LEXINGTON, Ky. (LEX 18) — Those cards you receive once getting one, or both doses of the COVID-19 vaccine are becoming a lot like the "I voted" stickers you often see on social media sites on Election Day.
"Now there are folks on social media showing their vaccination cards," said Heather Clary from Lexington's office of the Better Business Bureau.
Clary warned about the dangers of doing such.
"It (vaccine card) has their personal information, the date they received the vaccine, and when they might get a second one. The BBB is warning you should not show those on social media," Clary said.
It's already become a big problem in parts of Europe as scammers have found a way to pounce for profit.
"Some con artists are already selling fake COVID-19 vaccine identification cards and may be using the same information they're seeing from people online," Clary said of the attempts being made to sell the information on sites like eBay. (Clary added that eBay has since become aware of the problem and shut down this operation.)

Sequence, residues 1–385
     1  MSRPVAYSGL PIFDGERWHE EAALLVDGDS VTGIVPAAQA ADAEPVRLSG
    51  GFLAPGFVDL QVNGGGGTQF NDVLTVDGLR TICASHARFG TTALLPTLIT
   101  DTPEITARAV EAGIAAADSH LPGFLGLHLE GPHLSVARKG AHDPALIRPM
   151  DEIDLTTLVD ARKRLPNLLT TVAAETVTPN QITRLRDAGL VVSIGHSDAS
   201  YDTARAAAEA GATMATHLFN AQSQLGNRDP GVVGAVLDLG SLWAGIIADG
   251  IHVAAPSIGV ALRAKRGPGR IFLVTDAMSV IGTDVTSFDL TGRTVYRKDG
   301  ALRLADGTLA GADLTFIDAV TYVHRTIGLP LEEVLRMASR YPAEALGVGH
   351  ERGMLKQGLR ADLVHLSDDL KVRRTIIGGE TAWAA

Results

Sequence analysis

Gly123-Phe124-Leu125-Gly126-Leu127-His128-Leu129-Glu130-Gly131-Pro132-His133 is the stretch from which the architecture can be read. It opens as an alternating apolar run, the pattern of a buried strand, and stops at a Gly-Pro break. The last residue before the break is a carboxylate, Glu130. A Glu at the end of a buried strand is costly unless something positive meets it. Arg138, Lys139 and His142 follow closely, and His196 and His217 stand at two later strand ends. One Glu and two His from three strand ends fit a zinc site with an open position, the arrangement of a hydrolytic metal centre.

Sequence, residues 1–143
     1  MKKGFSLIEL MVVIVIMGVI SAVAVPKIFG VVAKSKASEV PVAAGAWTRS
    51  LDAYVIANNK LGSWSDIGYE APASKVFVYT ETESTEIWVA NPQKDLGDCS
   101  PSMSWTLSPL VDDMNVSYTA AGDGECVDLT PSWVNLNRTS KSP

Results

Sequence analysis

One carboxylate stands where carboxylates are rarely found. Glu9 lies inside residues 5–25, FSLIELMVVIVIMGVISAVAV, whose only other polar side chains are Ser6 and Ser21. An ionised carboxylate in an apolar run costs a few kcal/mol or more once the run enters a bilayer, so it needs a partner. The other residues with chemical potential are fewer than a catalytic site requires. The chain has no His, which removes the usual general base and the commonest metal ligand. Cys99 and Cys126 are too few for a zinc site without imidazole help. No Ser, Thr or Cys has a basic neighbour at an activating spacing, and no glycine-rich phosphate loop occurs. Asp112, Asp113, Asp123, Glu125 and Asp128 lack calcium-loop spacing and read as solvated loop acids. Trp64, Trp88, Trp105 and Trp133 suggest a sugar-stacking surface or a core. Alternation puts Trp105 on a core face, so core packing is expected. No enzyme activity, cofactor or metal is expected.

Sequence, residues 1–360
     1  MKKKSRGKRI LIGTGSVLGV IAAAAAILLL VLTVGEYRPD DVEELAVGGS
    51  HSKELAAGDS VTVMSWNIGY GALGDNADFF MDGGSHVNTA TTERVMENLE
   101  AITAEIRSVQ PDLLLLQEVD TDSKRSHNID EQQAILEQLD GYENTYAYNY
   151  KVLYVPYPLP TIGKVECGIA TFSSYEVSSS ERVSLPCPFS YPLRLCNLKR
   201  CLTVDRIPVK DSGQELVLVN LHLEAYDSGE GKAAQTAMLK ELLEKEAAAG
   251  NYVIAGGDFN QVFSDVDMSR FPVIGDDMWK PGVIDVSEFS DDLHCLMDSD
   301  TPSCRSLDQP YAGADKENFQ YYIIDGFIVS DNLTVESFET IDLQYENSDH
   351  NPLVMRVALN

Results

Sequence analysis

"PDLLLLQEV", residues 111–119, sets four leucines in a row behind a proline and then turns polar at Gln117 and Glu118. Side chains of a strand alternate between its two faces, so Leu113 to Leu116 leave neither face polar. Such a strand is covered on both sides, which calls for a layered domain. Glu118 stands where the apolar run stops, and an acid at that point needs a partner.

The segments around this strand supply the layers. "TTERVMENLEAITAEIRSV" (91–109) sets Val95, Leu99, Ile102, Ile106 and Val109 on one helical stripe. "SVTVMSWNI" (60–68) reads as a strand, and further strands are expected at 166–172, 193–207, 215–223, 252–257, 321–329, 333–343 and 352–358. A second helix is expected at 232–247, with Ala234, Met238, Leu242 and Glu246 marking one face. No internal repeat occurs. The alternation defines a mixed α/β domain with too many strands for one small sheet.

Clary said if you must share your vaccine status with the world, do it by showing a picture of the band-aid over the injection site or some other way.
The warning comes as the state prepares The Kentucky Horse Park's Alltech Arena for use as a mass vaccination site beginning Tuesday morning. The clinic is by appointment only. At this time, you must be in either groups 1a or 1b to be considered.
"More and more people, thousands per day, will be able to get vaccinated thanks to these regional clinics," said Kevin Hall from the Lexington-Fayette County Health Department.
Hall's department is not affiliated with this state-run operation at Alltech Arena. The state has partnered with Kroger to make this clinic happen. Hall said, of his department, another clinic is scheduled for this Wednesday at Consolidated Baptist Church in Lexington.
"We're getting it out as quickly as we get it in," he said.
So far, more than 61,000 people in Lexington have received the vaccine. It does not include any people who did so through Veterans Affairs, which the state handled.